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Study: Belief In On-Screen Love Could Hurt Commitment To Real Relationships

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Screen grab from "The Notebook," a 2004 romance movie released by New Line Cinema. (Credit: imdb.com)

Screen grab from “The Notebook,” a 2004 romance movie released by New Line Cinema. (Credit: imdb.com)

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LAS VEGAS (CBS Las Vegas)- Everyone loves a good love story.

However, those who believe too much in the idealistic portrayals of love depicted in movies and on television tend to miss out on the lasting love stories central to their favorite forms of entertainment.

That was what one study, authored by Jeremy Osborn of Albion College in Albion, Mich., found after researchers decided to investigate the matter.

“We live in a society that perpetually immerses itself in media images from both TV and the Web, but most people have no sense of the ways those images are impacting them,” Osborn said in a statement, according to LiveScience. “The rate of marriage failure in the U. S. is not dropping, and it is important for people to have a sense of what factors are leading to the failure of so many relationships.”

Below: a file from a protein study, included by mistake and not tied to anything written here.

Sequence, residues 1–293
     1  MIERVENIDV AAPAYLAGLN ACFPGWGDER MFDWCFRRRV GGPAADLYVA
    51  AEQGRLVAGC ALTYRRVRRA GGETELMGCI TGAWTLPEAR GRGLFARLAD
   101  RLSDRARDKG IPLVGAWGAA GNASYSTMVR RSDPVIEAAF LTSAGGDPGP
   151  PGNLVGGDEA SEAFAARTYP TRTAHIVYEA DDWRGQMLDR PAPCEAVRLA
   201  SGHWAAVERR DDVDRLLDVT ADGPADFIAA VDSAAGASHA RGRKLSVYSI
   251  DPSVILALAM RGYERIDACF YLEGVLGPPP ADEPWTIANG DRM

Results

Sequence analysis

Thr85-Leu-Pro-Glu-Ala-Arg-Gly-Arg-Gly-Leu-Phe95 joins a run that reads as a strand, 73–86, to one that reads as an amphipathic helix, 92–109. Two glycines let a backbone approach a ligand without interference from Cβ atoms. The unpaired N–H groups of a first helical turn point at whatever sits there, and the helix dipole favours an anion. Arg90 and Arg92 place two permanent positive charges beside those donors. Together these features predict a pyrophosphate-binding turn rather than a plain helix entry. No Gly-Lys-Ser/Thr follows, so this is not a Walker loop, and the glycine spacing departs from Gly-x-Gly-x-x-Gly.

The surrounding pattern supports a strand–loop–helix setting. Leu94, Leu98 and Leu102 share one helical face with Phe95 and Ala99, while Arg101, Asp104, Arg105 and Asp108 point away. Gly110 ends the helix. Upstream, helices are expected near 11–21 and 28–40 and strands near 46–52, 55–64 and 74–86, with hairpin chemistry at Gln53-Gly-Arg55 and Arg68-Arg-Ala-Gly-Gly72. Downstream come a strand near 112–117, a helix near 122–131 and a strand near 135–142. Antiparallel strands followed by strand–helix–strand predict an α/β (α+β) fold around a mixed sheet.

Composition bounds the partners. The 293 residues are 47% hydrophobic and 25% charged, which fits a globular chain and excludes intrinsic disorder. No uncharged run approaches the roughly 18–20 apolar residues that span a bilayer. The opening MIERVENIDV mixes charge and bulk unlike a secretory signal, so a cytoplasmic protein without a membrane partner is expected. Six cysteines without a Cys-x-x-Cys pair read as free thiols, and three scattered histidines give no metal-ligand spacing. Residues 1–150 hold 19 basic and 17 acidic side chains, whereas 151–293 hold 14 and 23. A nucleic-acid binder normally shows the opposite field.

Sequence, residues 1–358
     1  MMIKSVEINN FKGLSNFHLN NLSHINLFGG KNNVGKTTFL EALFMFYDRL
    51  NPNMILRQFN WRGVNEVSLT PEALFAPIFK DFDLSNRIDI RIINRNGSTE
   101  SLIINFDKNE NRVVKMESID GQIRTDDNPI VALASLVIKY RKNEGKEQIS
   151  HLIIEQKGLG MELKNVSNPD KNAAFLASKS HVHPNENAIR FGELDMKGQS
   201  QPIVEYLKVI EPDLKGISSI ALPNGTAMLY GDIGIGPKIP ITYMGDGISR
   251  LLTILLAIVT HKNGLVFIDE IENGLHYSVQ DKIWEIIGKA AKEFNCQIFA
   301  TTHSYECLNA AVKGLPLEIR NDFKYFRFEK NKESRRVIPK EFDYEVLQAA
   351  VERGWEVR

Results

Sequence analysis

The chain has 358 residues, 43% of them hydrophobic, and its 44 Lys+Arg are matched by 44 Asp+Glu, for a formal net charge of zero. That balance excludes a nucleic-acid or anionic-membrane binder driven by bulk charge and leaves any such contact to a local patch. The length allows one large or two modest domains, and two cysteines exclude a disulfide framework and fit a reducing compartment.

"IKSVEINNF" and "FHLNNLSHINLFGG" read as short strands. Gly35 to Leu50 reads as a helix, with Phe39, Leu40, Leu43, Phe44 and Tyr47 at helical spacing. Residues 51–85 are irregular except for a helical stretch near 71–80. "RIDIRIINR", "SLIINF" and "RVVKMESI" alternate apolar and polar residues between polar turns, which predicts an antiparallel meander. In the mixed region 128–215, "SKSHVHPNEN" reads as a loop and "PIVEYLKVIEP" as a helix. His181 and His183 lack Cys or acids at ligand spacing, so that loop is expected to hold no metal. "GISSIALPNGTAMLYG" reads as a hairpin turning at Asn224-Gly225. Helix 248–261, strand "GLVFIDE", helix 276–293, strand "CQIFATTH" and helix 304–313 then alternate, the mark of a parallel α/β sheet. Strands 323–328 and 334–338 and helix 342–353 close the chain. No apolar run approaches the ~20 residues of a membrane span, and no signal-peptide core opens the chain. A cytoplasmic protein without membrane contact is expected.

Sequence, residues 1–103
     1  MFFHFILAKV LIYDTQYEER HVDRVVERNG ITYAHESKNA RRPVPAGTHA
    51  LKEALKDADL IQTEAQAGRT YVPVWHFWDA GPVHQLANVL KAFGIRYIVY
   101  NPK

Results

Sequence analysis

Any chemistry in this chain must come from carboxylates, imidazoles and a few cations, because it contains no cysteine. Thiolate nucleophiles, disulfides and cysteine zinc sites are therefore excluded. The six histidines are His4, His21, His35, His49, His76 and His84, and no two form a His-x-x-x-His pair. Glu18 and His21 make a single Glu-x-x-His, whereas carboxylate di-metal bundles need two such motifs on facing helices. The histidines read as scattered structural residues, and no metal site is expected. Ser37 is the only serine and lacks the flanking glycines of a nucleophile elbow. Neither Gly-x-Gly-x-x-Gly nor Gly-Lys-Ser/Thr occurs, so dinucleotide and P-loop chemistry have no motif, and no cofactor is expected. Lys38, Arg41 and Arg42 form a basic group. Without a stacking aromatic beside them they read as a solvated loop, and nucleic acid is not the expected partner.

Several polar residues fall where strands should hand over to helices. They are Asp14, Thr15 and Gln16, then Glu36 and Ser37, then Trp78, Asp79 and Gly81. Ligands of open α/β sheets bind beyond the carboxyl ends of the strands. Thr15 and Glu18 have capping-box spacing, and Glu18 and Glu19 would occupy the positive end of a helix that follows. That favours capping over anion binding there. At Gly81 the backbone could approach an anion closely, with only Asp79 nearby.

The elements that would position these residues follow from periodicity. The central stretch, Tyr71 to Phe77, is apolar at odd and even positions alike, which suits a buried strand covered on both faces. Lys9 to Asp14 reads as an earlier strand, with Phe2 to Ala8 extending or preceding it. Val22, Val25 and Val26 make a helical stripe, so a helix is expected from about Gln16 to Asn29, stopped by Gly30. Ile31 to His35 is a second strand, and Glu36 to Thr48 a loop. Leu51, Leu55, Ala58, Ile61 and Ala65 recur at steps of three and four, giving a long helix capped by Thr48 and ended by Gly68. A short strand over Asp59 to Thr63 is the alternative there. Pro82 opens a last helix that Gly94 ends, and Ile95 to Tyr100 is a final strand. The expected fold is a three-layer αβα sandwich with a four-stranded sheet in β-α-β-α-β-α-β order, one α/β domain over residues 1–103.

The study asked 392 married individuals to take a survey asking about their satisfaction in their current relationships, as well as their expectations and levels of commitment to their respective partners.

Participants were also asked to assess their belief in scripted romances by rating their levels of agreement with statements such as, “Television helps me understand what I can expect from my romantic relationships.”

What researchers reportedly found was that those who subscribed more to Hollywood’s depiction of love as real were ultimately less committed to their current relationships.

“People with higher belief in television portrayals might see their relationships as more costly than their lower belief counterparts do, but because they also expected higher costs they are no less satisfied,” the researchers were quoted as saying.

The study was published at the end of last month in the journal “Mass Communication and Society,” LiveScience learned.

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